In the Work Item Assignment block 415, a determination is made by the allocation mechanism 146 about which work items to contract out for additional or purchased processing (i.e., seek additional processing), or which work items to delay processing until their valuation exceeds the cost of processing. The additional processing for contracting out may be any other suitable computer resources that may be available through the grid, or through additional partitions in a logically partitioned environment or other suitable environment. The additional processing would be requested if inadequate computer resources were not available from the local computer system 102. A delay decision would be warranted if the particular work item(s) need not be processed until some future date. Therefore, the priority algorithm could post the cut-off date for up to 30 days.
Reference is now made to FIG. 6 for illustrating exemplary blocks of a Work Item Separating or Sorting Routine 600 that is performed in carrying out the steps of Separating Work Items Into Work Lists in block 415. Operation of the Work Item Separating or Sorting Routine 600 commences in the Start block 602 and is followed by an Are There More Items In the Sorted List step in decision block 604. If the determination of the Sorted List decision block 604 is negative (i.e., No), then the work item list is complete and an End block 605 follows. In the End block 605, the Work Item Separating Routine 600 terminates. However, should the determination in the Sorted List decision block 604 be positive (i.e., Yes), then a next work item is taken from the batch queue in a Get Next Work Item block 606. Following the Get Next Work Item block 606 there is performed an Are There Enough In-house Resources to Complete this Item decision block 608. If the determination in the Are There Enough In-house Resources to Complete this Item block 608 is Yes, then an Add Work Item to In-house Processing List block 610 is performed. As such, a work item is added to the in-house processing list 760, as illustrated in FIG. 7B. Thereafter, a resource reduction block 612 follows which serves to reduce the amount of available in-house resources for processing the batch program which is commensurate with the reduction, whenever the job is processed. This Work Item Sorting Routine 600 is returned to the Are There More Items In the Sorted List decision block 604 for continued processing until there are no more items listed. Referring back to the Are There Enough In-house Resources block 608, if the decision is No, then a Does Valuation Exceed Cost to Processing block 614 follows. In this decision making process, if the determination is Yes, then the work item is added to the work item list 770 (FIG. 7C). The determination is Yes when the value of processing needed for that particular work item exceeds the estimated processing costs. Alternatively, if the valuation decision of the block 614 is No, then the work item is added to a delay list as indicated in the delay list 780 (FIG. 7D) in the Adding Work Item to List block 618. As such, the Work Item Separating Routine 600 returns to the block 604 for further evaluation. Once the work item list is processed to completion, the Work Item Separating Routine 600 returns to block 416.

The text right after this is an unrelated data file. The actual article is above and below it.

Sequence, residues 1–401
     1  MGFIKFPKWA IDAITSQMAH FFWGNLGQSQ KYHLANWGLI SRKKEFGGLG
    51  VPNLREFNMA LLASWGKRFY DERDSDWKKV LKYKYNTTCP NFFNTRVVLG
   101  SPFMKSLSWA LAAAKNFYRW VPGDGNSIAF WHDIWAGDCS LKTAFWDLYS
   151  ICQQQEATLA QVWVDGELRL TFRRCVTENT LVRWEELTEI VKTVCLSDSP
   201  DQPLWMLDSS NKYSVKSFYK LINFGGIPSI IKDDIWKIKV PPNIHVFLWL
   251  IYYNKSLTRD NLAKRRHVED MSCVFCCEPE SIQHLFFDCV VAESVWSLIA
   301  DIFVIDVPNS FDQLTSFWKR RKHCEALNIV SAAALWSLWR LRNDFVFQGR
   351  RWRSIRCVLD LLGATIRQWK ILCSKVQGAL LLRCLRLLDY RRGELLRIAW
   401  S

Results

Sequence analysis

Now, reference is made back to FIG. 4, whereupon in the Submit Work Items to In-house Processing block 416 that follows block 415, the work items to be processed in-house are processed by the local computer system. Thereafter, in the Submit Work Items to Contracted Out resources block 418, the process submits the work items to be contracted out because the in-house processing cannot perform the processing and their valuation exceeds the cost of processing. Finally, in the Delay block 420, work items that are delayed are added to a new work list according to the priority algorithm. Accordingly, these work items will be evaluated again when the next batch window is available for processing until the processing is performed, whereby the batch file is completely processed. Following the process in the Delay block 420, the process proceeds to the End block 412, whereby the overall batch file is terminated. As such an evaluation of when it makes economic sense to process is made, whereby the timings of when the work items are processed are based on whether the financial valuations of each of the work items exceed their respective processing costs. Any delays in processing, such as when the processing costs exceed the financial benefits of the work items are prioritized. The prioritization avoids starvation of resources to work items, whereby all the work items of a batch file can be completely processed before or by cut-off dates.